|United States Senator
November 8, 1954 – December 27, 1976
|Preceded by||Samuel W. Reynolds|
|Succeeded by||Edward Zorinsky|
|Member of the U.S. House of Representatives
from Nebraska's 2nd district
January 3, 1953 – November 8, 1954
|Preceded by||Howard Buffett|
|Succeeded by||Jackson B. Chase|
|Born||Roman Lee Hruska
August 16, 1904
David City, Nebraska
|Died||April 25, 1999
|Spouse(s)||Victoria Kuncl Hruska|
Roman Hruska, Jr.
|Alma mater||University of Omaha
University of Chicago
Roman Lee Hruska (August 16, 1904 – April 25, 1999) was a Republican U.S. Senator from the state of Nebraska. Hruska was known as one of the most vocal conservatives in the United States Senate during the 1960s and 1970s.
Hruska was also co-founder of the Douglas Theatre Company, based in Nebraska.
Life and career
Hruska was born in David City, Nebraska. His ancestors were Czech immigrants, and he was proud of his Czech heritage. He was a lifelong member of Sokol Omaha, American Sokol Organization, celebrating his Czech heritage.
Hruska's family moved to Omaha when he completed junior high school. He graduated from Tech High in North Omaha. He attended the University of Omaha and the University of Chicago and graduated from the Creighton University law school. He settled in Omaha, Nebraska and became a lawyer. He soon entered politics, becoming a member of the Douglas County, Nebraska board of commissioners. He served as a regular member from 1944 to 1945 and as chairman from 1945 to 1952. He was vice-president of the National Association of County Officials from 1951 to 1952, and served for a time as a member of the Nebraska Board of control and the board of regents of the University of Omaha.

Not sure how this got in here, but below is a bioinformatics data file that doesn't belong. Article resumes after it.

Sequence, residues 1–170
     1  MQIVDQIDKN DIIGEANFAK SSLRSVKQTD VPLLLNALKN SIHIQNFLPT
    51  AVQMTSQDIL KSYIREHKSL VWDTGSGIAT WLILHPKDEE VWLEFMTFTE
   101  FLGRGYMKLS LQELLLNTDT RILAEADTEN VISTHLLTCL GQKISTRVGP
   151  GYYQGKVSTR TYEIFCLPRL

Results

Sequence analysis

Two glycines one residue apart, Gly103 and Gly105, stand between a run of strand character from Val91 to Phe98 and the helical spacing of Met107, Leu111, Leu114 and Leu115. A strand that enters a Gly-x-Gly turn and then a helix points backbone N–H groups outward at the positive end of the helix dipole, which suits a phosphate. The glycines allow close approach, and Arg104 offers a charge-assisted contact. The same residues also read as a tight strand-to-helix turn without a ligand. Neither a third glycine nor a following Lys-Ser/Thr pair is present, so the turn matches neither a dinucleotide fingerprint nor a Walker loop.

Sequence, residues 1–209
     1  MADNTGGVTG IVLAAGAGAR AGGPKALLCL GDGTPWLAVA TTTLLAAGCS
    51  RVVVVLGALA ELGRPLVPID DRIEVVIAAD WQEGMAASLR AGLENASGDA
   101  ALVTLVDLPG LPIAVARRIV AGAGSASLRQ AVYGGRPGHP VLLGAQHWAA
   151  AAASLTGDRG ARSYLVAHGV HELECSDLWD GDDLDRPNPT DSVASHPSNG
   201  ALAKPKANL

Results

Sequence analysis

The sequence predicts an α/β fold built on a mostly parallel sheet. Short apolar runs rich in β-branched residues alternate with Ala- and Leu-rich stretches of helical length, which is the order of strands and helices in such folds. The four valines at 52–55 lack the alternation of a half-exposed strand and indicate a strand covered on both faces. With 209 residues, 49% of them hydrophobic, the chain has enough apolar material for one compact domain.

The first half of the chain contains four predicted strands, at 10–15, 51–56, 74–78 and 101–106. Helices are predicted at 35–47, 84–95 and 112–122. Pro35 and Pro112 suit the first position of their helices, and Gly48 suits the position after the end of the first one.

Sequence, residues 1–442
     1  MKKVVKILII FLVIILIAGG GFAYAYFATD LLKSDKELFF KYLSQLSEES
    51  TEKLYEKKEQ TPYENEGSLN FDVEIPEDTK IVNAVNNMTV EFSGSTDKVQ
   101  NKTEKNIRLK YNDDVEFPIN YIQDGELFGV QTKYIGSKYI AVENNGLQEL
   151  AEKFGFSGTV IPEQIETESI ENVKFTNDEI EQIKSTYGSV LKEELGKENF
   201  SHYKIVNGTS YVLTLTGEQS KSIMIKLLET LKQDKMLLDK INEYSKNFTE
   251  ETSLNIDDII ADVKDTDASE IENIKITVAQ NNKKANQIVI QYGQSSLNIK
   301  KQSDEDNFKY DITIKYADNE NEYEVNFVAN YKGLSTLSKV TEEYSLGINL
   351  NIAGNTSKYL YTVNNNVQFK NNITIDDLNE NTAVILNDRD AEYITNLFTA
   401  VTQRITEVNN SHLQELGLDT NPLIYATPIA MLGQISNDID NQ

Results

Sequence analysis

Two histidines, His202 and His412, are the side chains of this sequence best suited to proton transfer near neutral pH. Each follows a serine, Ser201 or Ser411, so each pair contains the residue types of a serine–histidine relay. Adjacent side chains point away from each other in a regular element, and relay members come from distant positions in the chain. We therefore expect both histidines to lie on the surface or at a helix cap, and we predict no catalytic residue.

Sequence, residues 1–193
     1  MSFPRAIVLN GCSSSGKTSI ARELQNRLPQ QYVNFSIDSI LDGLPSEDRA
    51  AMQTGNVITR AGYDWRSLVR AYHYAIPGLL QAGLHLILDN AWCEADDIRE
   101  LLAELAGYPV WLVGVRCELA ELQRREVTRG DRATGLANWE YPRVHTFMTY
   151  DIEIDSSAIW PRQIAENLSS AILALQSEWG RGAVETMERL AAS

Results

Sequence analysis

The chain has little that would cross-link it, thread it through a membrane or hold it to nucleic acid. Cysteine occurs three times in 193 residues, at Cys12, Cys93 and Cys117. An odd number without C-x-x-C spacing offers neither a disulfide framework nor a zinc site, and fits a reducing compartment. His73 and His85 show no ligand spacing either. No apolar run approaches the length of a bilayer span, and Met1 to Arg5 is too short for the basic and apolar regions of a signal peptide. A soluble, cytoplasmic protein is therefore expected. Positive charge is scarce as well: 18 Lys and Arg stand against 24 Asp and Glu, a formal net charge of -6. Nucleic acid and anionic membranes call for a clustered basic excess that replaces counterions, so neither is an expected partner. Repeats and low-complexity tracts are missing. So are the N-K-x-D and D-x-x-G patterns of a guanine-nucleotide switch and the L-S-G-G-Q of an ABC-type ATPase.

Hruska was elected to the United States House of Representatives from the Omaha-dominated second district of Nebraska. He served only one term, as he ran for a United States Senate seat in 1954, which was vacated by the death of Hugh Butler. Hruska won, and was reelected in 1958, 1964 and 1970 and served in the Senate until his retirement in 1976. His opponent in 1958 and 1970 was Frank B. Morrison. Hruska did not run for reelection to a fourth full term.
Even after Nixon resigned, Hruska defended him and claimed Watergate only became a scandal as part of a partisan effort to attack Nixon.
Hruska became an influential member of the Senate Appropriations Committee and the Senate Judiciary Committee. He voted for the Civil Rights Act of 1964. Though Congress was controlled by Democrats for his entire time in the Senate, he was known as a skillful legislator, and was said to have influenced much of the federal criminal justice system's changes during his era. He was the ranking minority member of the Judiciary Committee at the time of his retirement.
On October 10, 1978, President Carter signed into law a bill which renamed the Federal Meat Animal Research Center (MARC) located in Clay County, Nebraska after former Senator Roman L. Hruska. The Roman L. Hruska Federal Courthouse in Omaha is also named in his honor.
Hruska is best remembered in American political history for a 1970 speech he made to the Senate urging them to confirm the nomination of G. Harrold Carswell to the Supreme Court. Responding to criticism that Carswell had been a mediocre judge, Hruska claimed that:
- "Even if he were mediocre, there are a lot of mediocre judges and people and lawyers. They are entitled to a little representation, aren't they, and a little chance? We can't have all Brandeises, Frankfurters and Cardozos."
Hruska moved back to Omaha in 1976, and lived there until his death. He spent many of his retirement years at his second home on the Platte River at Sokol Camp near Valley, Nebraska. On April 10, 1999, he fell, broke his hip, and died from complications during treatment. He was buried in Bohemian Cemetery in Omaha.
Hruska was married to Victoria Kuncl Hruska. They had three children: Jana, Quenton and Roman, Jr.
- "Hruska dead at 94". Columbus Telegram. 26 April 1999. Retrieved 14 October 2014.
- Roman L. Hruska Dies at 94; Leading Senate Conservative - New York Times Retrieved on September 13, 2008
- Roderick MacLeisch, Washington Post, Book on Carswell 'Brawl' Said Superb, published in Sarasota Herald-Tribune, April 18, 1971
- Meriden (Connecticut) Morning Record, Mediocrity Not Necessary, April 4, 1970
- Art Buchwald, Support Your Mediocre Judge, Youngstown (Ohio) Vindicator, March 26, 1970